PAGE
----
RH140 Not every day do you come across Edward Thompson’s sister or his niece. Betty Stratford-Tuke was married to Athol, a wing commander, a regular. While he was away, she lived with her mother in the Old Rectory at the end of the Balby trackless route. I did not meet Betty until I went into the Drawing Office, where she was a tracer, along with three other ladies, one of whom was Buster Brown’s daughter (he was the Works Manager of the Carriage End). Her son, Robin, in the centre, joined the Royal Marines (I’m not absolutely sure of that) and came out with the rank of Major although I am not sure when. He became a prison governor in later years and I think he was at Wandsworth Jail. He must be past 70 now and I have completely lost touch. Edward Thompson’s sister was a lovely person and tough at times. I remember getting a hell of a rollocking for putting the handles of the table knives in the washing-up water. I never visited ET’s home but I do know it was kept scrupulously tidy despite his being a widower!
RH141 The Yankee 2-8-0 1888 had come into Doncaster Plant in spring 1943 for some fettling before going to work on the LNER at March. We were not employed on the work but Bill Umpleby and his gang wanted their photo taken against this engine. How different people looked in those days: we came to work on bikes, on foot or on the shiny seated “Trackless Trams”. Bill Umpleby, our Chargehand, led a happy crew although his honesty with the pencil when calculating piecework payments used to infuriate my mate, Edgar, who was after every penny that could be earned. L-R: Wally Sysman on smokeboxes; Bill Umpleby C’hand Erector; Phoebe Cliff, our labourer; Aubrey another apprentice; Edgar Elvidge, pistons, valves, rods and motion; and Harry Waring, pipe-work and fittings.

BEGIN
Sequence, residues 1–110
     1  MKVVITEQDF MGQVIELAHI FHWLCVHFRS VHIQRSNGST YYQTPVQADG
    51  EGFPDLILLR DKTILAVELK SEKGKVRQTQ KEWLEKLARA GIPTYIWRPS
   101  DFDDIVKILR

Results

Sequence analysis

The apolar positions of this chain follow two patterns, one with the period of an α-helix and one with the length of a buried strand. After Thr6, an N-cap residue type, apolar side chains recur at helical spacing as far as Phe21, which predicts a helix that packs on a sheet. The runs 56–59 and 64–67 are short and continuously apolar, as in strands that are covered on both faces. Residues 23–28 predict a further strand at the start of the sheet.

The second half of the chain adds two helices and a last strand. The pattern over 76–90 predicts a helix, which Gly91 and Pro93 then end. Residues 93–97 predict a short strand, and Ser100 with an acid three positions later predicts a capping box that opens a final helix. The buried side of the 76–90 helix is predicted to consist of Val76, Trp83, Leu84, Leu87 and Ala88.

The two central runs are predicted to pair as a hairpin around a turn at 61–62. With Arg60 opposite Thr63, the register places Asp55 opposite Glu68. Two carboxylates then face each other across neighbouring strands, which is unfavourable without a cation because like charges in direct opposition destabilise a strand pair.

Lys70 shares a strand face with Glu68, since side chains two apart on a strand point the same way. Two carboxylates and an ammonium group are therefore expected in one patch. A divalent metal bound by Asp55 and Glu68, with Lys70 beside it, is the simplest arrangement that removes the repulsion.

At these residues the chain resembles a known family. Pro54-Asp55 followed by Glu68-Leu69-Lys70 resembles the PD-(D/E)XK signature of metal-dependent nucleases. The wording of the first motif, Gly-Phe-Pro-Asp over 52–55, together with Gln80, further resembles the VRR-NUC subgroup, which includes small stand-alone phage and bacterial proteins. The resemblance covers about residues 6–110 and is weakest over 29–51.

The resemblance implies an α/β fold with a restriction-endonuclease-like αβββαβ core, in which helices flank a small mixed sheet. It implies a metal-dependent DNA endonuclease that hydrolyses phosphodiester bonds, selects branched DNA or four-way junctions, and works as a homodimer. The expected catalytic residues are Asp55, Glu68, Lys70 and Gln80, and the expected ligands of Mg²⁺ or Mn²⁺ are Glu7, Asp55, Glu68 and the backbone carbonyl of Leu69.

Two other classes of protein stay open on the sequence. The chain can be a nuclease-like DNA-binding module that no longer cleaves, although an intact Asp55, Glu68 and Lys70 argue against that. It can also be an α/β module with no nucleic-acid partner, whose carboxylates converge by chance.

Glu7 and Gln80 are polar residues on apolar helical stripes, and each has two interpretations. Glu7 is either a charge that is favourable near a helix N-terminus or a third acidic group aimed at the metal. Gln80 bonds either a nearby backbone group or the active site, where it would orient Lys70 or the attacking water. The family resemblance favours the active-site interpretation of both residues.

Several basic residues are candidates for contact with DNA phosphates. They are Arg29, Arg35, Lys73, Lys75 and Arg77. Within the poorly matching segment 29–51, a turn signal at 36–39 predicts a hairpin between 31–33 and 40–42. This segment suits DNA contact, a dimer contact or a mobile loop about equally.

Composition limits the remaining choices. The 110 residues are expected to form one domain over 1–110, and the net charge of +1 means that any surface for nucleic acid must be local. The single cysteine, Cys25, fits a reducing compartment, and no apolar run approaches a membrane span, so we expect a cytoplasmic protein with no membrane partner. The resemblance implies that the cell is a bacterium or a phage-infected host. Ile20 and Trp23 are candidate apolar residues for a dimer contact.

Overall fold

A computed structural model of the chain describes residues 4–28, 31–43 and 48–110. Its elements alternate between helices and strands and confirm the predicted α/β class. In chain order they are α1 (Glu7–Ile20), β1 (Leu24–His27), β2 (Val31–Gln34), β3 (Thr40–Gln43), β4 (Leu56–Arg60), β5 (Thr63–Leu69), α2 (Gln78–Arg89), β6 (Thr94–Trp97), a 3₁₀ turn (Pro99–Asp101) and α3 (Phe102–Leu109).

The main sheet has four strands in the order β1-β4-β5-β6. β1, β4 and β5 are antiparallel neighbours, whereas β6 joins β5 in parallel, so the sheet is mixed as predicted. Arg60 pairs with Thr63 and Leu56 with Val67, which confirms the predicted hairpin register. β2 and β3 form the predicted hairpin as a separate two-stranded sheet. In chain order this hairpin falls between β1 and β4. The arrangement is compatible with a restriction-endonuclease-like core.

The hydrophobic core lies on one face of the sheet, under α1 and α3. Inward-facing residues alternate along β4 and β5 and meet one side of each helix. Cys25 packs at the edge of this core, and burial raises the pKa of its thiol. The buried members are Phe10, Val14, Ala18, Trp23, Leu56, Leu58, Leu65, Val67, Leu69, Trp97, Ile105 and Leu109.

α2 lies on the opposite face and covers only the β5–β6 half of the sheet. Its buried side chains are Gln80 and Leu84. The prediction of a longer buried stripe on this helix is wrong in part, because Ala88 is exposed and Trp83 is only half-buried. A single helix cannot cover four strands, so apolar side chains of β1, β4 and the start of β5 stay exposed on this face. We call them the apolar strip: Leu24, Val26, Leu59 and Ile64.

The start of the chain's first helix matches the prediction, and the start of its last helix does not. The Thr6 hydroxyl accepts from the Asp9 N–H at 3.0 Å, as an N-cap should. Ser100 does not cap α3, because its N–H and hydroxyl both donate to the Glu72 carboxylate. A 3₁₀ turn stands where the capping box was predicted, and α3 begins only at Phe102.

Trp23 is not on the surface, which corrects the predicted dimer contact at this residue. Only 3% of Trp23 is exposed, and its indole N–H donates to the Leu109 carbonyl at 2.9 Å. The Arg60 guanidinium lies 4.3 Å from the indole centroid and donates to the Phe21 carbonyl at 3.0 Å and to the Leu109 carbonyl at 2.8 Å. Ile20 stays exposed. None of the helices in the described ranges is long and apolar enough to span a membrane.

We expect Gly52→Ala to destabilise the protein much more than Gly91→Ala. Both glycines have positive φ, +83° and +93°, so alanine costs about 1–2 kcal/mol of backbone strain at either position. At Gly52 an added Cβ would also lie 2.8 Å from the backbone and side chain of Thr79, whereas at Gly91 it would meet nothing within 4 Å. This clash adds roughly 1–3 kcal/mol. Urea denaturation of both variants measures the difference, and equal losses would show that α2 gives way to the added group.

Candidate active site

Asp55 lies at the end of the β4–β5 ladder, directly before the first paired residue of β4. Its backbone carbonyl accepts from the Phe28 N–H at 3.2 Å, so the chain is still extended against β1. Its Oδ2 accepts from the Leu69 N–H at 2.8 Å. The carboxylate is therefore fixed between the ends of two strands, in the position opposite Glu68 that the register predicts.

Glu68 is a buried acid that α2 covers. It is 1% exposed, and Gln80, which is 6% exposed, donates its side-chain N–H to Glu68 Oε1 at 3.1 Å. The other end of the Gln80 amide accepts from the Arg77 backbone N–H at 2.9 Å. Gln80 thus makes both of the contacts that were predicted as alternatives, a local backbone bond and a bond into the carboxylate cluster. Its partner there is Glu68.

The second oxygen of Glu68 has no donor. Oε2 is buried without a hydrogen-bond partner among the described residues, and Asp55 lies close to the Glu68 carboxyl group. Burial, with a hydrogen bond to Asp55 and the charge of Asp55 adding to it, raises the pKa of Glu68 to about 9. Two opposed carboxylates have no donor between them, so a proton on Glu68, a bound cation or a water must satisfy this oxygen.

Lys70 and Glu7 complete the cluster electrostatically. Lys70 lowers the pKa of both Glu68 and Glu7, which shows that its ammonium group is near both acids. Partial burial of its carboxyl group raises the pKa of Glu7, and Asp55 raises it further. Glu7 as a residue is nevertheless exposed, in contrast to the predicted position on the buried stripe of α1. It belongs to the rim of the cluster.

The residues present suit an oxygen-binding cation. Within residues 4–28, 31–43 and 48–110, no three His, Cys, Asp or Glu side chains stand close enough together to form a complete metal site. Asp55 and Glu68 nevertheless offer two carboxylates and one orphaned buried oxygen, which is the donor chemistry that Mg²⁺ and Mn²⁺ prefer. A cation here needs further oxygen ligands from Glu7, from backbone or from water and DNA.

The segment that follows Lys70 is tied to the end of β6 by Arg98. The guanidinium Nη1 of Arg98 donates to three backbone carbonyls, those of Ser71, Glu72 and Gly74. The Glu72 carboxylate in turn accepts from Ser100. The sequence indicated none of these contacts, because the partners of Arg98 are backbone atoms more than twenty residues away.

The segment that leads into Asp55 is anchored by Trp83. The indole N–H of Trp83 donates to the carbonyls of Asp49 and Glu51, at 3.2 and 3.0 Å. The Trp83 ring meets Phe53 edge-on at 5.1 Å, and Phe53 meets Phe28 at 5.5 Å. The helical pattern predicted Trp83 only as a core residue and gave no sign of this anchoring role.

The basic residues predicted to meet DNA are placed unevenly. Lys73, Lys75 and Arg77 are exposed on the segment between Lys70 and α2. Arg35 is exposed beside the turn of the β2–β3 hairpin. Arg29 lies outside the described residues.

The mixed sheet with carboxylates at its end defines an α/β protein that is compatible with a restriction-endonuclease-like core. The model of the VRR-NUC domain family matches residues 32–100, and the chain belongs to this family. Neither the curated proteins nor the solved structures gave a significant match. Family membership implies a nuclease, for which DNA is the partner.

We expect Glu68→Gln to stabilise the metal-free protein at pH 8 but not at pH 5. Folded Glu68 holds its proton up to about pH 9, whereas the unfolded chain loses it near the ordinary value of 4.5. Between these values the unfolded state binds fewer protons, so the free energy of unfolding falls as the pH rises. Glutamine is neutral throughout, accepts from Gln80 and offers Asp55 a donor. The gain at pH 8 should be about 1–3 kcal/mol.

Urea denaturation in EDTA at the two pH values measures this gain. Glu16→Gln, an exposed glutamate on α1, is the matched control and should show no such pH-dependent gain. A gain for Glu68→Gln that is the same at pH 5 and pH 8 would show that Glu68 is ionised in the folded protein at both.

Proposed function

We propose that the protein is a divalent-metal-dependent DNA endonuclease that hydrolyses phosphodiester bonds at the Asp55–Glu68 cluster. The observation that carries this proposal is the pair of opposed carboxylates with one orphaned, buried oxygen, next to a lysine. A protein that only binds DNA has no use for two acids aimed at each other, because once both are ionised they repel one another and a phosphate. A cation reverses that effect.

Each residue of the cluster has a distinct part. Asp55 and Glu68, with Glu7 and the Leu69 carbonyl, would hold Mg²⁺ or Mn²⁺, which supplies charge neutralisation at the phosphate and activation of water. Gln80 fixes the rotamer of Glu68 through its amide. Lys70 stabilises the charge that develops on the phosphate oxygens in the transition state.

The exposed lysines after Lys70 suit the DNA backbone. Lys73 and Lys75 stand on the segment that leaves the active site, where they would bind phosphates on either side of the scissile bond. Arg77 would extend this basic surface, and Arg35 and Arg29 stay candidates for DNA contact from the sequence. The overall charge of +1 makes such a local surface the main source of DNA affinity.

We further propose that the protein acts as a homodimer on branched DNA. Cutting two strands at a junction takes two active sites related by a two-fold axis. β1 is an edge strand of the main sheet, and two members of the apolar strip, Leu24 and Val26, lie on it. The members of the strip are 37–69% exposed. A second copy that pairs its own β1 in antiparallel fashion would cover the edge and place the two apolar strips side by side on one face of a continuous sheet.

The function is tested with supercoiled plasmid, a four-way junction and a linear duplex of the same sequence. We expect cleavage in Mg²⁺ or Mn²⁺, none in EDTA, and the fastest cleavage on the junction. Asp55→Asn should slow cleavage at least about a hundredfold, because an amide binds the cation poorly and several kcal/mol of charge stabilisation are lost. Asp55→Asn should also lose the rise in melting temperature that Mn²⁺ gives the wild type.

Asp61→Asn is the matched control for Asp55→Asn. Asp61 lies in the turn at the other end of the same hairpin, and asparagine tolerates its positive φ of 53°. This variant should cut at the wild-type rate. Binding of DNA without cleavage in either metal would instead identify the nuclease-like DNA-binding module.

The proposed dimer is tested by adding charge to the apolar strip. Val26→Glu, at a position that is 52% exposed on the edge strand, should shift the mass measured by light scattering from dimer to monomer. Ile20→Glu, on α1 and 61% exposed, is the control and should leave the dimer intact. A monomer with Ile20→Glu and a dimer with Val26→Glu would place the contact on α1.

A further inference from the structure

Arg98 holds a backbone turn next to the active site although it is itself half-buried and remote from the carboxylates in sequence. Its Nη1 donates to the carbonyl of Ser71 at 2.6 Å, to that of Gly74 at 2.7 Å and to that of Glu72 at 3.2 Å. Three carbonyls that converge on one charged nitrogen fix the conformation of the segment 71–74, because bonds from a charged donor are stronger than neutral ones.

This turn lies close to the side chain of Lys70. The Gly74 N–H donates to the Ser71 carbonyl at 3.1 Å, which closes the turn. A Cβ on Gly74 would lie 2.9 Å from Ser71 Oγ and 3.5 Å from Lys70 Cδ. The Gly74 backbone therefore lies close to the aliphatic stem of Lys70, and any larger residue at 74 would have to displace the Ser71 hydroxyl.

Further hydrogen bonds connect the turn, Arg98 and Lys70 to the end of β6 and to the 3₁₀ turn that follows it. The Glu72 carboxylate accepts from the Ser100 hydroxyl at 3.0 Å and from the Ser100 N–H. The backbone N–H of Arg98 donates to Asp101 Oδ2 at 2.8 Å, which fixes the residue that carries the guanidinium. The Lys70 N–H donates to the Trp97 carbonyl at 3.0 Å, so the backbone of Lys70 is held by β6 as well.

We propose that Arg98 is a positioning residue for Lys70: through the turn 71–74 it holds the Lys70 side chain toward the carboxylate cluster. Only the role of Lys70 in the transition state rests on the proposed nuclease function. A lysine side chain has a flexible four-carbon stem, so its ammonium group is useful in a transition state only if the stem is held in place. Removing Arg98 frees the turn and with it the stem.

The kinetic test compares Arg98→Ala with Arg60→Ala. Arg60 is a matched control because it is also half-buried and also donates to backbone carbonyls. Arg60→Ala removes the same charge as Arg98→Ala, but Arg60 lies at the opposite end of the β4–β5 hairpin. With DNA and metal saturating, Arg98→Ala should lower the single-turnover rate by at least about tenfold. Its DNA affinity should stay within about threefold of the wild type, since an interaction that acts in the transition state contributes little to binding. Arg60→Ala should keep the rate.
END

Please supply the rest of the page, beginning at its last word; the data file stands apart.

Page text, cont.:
RH142 4406, a piston valve Atlantic class C1 was turned out of Doncaster Works just before Christmas 1943, a few days before I left the Plant for the Carr Loco. It is in steam and will go on its trial trip next day when Dick Jackson, Weigh House labourer, has coaled it. The PV engines had a round piston gland, most of them had dummy tailrod guides and most, but not all, had smokebox saddles. All slide valve engines had oval piston glands and the spindle glands tended to blow, in cold weather, up the boiler side when starting. No wonder with a 32 element superheater.